I watched the 2002 miniseries of Daniel Deronda a while back and I remember enjoying it, but the book was… less so. The first portion spends so much time on Gwendolen Harleth’s story that it left me wondering why George Eliot chose the title for the book that she did. Granted, Gwendolen’s probably more fleshed out as a character than Deronda, but I’m guessing that’s because Daniel Deronda’s purpose in the novel was more symbolic.
I wanted to know WHY this novel was so important (as opposed to, say, Middlemarch which I loved so much more) – so upon reading up on it, I found that Eliot’s sympathetic presentation of the Jewish plight and Zionism was pretty revolutionary for the time. This is also her only novel to take place during the period in which she lived and wrote (late Victorian era). So, knowing her true intentions and what she was trying to tackle I can see why that particular aspect of the novel seems weaker and than Gwendolen’s storyline. She was breaking new ground in western lit.
I will say, I start to tire of characters like Mirah Lapidoth who just are so ~good~ it almost rots your teeth. But they’re everywhere in this period. I had the same issue with Agnes Grey. I’d take a Gwendolen any day. At least there’s an arc. And boy do I love to hate Henleigh Mallinger Grandcourt. Hugh Bonneville is superbas Grandcourt in the miniseries. It took me a while to get through, it’s not a terrible novel, just slow and oddly paced.
I listened to the Penguin Classics audiobook version of Far From the Maddening Crowd narrated by Olivia Vinall after sampling a few different narrators on iBooks. Narrators really make or break audiobooks. I highly recommend it. I did this a little backward and watched the 2015 version film version of this story before reading the book and enough time had passed that by the time I read the book I’d forgotten some major plot points. So, it all worked out.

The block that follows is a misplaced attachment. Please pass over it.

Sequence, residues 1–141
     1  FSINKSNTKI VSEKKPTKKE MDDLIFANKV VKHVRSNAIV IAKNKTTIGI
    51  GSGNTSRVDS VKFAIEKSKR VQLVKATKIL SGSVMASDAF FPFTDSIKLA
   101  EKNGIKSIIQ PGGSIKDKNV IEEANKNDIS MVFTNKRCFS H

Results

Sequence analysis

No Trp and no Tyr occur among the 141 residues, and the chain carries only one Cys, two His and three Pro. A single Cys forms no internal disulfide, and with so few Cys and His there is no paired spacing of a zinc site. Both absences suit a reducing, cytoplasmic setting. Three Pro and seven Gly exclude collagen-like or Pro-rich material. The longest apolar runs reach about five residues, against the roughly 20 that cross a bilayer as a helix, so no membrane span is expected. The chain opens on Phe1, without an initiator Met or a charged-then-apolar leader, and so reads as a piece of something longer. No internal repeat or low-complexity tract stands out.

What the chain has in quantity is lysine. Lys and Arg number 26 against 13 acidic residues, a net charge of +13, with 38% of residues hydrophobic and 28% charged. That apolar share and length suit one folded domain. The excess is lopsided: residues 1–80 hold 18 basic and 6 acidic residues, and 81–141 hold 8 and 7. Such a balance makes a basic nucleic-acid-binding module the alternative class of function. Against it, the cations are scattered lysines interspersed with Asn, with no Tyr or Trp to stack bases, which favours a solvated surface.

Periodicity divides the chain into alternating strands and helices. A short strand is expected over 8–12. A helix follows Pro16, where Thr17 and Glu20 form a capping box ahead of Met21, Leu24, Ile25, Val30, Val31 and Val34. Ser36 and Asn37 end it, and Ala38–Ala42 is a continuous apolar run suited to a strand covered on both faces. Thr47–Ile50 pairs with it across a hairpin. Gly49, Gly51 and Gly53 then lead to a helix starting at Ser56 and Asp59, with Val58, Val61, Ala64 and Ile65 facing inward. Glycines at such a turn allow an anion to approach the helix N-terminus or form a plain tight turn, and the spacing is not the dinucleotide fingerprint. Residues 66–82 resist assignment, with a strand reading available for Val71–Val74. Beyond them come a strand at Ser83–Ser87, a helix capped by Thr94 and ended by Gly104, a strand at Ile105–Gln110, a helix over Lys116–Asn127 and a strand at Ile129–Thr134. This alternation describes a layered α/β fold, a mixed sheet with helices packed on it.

Definitely forgot how cringy Boldwood is. YIKES. Bathsheba remains an amazingly complex and flawed heroine and I’m continually surprised how Hardy manages to write women during a time when they were largely presented in one of two tropes. Angel virgin or fallen woman. You’ll be frustrated and at the same time hoping she figures out what the hell she wants in life. If you prefer more perfect heroines, maybe read something else. You might be yelling at the book, but it’s never boring.
Life has been so busy lately with doing a cross-country move, but I have still managed to keep my reading up with audiobooks. Still living in my comfort zone of Victorian literature for the moment so I want to take this time to blast some of my reviews out. If you don’t follow me on Goodreads that’s where I post them first. Long reviews test my patience so I tend to keep them brief and to the point.
Also, people of the internet… please, stop summarizing the book in your reviews. We all learned this in middle school essay writing. That is all.